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Heritage Civilization and the Jews
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Mother and child, Bejt Bialik DP camp,
Salzburg, Austria, ca. 1948.
(YIVO Institute for Jewish Research)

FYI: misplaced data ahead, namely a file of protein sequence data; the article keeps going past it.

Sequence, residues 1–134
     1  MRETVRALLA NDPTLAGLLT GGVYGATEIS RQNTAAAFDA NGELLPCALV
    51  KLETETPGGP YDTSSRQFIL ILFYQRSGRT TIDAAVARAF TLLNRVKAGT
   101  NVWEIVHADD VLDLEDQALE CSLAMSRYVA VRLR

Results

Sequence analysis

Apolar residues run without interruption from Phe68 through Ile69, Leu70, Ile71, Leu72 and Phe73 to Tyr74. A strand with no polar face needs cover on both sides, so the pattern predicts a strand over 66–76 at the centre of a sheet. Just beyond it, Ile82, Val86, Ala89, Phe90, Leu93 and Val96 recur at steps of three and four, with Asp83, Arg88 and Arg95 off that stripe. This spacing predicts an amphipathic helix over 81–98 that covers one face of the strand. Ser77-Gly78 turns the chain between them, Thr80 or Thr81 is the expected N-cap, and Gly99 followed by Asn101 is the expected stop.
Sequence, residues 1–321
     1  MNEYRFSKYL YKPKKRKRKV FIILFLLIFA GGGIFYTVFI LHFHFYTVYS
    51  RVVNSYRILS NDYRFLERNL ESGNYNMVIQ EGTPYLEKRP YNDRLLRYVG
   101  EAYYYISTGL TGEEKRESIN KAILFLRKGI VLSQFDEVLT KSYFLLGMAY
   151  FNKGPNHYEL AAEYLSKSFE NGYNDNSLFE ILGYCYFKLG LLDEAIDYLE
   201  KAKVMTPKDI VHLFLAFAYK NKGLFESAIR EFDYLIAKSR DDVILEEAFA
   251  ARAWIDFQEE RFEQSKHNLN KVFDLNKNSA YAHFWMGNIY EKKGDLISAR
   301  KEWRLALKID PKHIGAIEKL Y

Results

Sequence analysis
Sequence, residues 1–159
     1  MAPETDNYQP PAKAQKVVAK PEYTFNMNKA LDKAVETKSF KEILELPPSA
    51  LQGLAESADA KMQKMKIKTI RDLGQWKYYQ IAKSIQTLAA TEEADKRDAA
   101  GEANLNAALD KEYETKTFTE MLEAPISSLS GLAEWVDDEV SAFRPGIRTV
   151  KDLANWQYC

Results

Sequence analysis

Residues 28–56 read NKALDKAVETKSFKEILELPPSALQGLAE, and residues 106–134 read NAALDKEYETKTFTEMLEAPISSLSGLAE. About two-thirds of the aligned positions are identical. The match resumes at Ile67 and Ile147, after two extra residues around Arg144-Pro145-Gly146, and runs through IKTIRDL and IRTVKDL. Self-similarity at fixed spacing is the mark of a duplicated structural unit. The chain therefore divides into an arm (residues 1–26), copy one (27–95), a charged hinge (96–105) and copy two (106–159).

Many survivors arrived in the DP camps still not knowing the fates of family members from whom they had been separated during the war. Through tracing services set up by the United Nations, the Red Cross, and Jewish organizations, they began to piece together what had happened to their parents, spouses, and children. Some were devastated by the news that they were the only survivors of their entire families. Others were reunited with loved ones they thought they would never see again. Some survivors responded to loss by immediately starting new families. Despite the makeshift nature of life in temporary quarters, there were many marriages. Often, couples had children right away. Soon, the camps witnessed something of a population explosion. One camp, Bad Reichenhall, a camp with a population of only a few thousand, recorded 35 births in October, 1946.

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